If you are keen enough in observing your baby, you can easily take notice of his several unique reflexes. Reflexes are spontaneous movements produced by infants upon specific stimulation. Some of these movements are spur-of-the-moment reactions occurring as part of the baby’s usual activity. The presence of these reflexes in infants demonstrate normal brain, brainstem, and spinal cord functioning. These reflexes, however, occur only in specific periods of development of your baby and then disappear as the baby matures. Primitive normal reflexes of the baby include:
This is also known as the “startle” reflex, that causes an infant to extend his arms to the sides and quickly withdraw them back toward the middle of the body, whenever he is stimulated by a loud noise, sudden movement, bright light and other startling stimulus. Even the baby’s own cry can elicit this reflex. Moro reflex is present at birth and disappears at 4-6 months.
This reflex causes the baby to tightly close his hands when you stroke the palm of the baby’s hand by an object or a finger. The grasp reflex is much stronger in premature infants. It appears at birth and normally disappears at 4-6months.
When the corner of the mouth of the baby is stroked or touched, the baby normally turns to that side, opens his mouth, and tries to “root” in to whatever it is that cause the stimulation. This reflex is essential for survival because it helps the baby locate the breast or bottle nipple to start feeding. This is present soon after birth and disappears at 4-6 months.
Like the rooting reflex, the suck reflex is also vital for survival. Babies spontaneously begin sucking once the roof of their mouth is touched.
Also called the “walking or dance” reflex, this is elicited by holding the baby upright with his feet touching a solid surface and the baby appears to take steps. The baby also steps up when the dorsum of the foot is stimulated. This disappears at 4-6 months.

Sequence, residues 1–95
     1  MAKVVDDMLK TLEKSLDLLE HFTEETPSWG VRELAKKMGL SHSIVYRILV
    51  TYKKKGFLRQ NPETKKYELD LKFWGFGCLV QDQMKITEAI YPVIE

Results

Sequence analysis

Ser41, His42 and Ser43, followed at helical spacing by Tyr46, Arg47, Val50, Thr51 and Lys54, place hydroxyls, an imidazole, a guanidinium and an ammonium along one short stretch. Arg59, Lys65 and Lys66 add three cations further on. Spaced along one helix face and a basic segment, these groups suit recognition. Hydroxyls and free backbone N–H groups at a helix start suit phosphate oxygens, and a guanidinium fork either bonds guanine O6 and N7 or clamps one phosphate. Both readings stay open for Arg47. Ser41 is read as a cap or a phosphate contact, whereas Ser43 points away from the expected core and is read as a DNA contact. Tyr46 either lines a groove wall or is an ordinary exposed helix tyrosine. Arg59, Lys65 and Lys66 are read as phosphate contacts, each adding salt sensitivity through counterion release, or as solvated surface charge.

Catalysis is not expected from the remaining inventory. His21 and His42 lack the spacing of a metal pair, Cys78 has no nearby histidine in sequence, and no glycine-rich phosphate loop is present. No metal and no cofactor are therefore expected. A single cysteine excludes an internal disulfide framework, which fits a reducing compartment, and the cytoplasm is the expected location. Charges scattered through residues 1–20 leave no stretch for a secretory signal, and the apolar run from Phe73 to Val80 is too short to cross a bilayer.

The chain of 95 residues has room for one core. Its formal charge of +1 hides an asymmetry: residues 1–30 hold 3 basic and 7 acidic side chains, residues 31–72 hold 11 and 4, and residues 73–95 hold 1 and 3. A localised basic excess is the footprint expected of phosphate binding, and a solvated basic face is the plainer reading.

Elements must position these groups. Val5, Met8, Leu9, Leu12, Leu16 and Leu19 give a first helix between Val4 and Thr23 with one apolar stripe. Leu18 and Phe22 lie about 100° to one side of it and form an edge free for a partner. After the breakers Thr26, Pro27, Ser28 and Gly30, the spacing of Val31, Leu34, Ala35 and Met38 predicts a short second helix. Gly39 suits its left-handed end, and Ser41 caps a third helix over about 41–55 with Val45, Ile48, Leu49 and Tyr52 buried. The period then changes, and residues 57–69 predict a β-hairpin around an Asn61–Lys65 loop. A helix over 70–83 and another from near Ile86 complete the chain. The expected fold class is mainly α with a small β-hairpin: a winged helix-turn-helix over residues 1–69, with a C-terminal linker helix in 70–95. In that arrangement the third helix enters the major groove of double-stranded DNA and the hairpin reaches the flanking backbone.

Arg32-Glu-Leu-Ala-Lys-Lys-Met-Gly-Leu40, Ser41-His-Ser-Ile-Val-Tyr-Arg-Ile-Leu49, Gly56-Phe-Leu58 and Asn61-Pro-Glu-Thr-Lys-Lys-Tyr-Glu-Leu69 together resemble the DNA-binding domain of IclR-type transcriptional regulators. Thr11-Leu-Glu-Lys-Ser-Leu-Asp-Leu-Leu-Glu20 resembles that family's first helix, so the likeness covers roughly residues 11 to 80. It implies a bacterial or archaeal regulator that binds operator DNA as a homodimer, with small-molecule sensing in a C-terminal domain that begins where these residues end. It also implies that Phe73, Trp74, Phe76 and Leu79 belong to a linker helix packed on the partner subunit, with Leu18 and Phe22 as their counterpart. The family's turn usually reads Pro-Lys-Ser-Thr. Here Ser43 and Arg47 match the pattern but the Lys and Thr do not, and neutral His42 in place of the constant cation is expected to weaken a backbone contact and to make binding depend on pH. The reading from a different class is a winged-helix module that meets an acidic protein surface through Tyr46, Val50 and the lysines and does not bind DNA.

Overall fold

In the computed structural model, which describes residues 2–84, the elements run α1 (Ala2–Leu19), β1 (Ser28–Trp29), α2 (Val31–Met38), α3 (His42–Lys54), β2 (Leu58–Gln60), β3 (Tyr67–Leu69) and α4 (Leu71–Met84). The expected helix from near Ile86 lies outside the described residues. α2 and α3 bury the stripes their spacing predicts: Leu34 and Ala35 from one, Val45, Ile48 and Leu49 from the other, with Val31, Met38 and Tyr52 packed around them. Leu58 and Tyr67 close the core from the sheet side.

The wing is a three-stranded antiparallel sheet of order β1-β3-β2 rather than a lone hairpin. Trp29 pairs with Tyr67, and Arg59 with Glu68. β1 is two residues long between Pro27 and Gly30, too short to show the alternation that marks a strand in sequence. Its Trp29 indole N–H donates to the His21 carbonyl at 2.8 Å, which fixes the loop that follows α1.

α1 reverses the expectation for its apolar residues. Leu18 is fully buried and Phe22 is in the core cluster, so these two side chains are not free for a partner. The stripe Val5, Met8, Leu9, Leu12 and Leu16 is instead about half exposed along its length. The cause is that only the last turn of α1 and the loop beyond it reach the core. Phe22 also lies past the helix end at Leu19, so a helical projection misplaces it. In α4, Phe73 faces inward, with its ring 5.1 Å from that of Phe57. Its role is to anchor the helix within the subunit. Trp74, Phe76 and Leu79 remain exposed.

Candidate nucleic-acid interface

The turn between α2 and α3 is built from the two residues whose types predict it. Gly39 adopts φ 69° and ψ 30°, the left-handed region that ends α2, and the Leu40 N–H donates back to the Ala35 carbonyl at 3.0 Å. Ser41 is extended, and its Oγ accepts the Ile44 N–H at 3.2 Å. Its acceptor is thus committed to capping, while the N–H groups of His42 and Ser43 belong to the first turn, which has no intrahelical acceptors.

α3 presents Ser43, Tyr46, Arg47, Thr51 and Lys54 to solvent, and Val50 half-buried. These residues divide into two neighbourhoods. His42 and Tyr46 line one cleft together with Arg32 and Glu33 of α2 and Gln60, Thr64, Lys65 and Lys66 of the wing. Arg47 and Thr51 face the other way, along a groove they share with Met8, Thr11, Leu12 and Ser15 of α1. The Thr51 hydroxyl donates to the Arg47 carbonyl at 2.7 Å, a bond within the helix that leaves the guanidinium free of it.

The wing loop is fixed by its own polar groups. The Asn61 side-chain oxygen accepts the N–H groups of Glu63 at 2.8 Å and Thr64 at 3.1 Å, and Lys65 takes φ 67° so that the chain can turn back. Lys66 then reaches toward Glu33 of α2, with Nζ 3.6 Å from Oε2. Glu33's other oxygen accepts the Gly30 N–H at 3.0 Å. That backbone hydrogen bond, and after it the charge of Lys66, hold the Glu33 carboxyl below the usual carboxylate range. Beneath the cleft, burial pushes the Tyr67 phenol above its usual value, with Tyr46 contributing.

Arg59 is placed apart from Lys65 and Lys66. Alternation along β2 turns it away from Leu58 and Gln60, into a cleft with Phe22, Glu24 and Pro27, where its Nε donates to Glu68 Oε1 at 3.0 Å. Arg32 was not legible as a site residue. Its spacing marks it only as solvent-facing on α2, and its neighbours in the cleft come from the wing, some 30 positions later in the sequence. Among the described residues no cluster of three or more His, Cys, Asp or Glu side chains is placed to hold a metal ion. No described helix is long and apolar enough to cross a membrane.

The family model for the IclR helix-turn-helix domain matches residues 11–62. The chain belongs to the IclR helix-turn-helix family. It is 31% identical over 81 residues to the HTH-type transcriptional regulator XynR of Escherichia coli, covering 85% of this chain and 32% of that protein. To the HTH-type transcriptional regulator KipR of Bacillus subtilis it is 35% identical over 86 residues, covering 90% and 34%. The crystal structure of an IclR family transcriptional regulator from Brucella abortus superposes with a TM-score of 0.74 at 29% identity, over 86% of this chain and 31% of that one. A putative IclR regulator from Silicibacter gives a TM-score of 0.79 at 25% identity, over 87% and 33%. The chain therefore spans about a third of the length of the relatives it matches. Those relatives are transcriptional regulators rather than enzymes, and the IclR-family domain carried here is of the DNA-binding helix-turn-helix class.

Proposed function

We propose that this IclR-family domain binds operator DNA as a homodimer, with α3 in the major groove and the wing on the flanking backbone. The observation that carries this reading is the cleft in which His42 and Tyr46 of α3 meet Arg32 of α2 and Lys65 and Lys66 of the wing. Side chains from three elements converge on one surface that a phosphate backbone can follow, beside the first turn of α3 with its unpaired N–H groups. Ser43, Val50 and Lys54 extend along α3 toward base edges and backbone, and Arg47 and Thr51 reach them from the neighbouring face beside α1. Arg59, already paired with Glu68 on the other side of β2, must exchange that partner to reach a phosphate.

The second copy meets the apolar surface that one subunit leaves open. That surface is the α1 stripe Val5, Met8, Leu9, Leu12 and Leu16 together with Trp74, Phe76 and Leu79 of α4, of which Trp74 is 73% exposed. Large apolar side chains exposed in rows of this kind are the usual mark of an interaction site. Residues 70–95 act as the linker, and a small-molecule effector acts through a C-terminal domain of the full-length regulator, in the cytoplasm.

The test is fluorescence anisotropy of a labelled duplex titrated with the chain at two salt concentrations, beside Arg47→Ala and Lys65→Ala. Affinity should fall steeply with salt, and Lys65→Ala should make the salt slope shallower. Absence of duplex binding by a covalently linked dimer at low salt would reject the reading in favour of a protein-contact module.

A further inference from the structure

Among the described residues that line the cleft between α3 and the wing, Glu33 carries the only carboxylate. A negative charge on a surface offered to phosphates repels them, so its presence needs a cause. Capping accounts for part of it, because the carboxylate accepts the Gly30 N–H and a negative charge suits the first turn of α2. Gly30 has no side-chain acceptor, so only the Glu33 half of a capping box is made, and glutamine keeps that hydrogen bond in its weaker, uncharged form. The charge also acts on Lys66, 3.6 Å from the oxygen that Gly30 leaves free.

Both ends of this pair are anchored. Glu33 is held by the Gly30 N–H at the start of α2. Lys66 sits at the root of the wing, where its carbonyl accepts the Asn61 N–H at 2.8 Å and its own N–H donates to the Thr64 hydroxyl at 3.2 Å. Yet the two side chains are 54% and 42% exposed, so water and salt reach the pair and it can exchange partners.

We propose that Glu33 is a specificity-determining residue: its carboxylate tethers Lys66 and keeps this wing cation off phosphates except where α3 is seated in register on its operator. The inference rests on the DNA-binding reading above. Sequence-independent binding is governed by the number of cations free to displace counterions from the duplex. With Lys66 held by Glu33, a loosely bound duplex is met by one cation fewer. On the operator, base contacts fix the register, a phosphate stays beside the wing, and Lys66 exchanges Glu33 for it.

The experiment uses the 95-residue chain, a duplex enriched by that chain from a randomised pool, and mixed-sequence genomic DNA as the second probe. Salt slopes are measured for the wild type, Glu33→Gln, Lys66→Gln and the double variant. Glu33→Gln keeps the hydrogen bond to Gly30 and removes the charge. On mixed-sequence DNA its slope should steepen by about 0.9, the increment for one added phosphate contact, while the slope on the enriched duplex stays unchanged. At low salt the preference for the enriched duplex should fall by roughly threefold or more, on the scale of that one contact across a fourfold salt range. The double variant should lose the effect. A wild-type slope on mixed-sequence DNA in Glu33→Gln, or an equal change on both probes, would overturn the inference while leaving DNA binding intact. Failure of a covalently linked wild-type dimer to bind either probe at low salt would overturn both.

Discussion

TONIC NECK REFLEX
Notice that when the baby’s head is turned to one side, his arm on that side extends and the opposite arm flexes at the elbow. The baby assumes a fencing posture, hence this reflex is also known as the “fencing” reflex
TRUNK INCURVATION REFLEX
This is manifested by withdrawal of the baby from stroking along the ventral surface of his body. Presence of trunk incurvation denotes intact spinal cord functioning. This is also present at birth and disappears at 6-9 months.
Babinski reflex is normally found at birth up to about 2 years of age. This is demonstrated by upward extension of the big toe and simultaneous fanning of the other toes when the sole of the foot is firmly stroked. If present in adults and children above 2 years old, brain or spinal cord lesions are highly suspected.
In addition, there is one reflex that is not present at birth and not exclusively found in babies. It is the Parachute reflex, which emerges only at the age of 6-8 months and never disappears. This reflex causes the baby to quickly extend his arms at the same time when he is subjected to a fall simulation.
It is amazing to think that nature has provided instinctive responses to our little ones for us parents to understand and appreciate. Learning about these things makes us less apprehensive and more dynamic in our day to day interaction with our baby.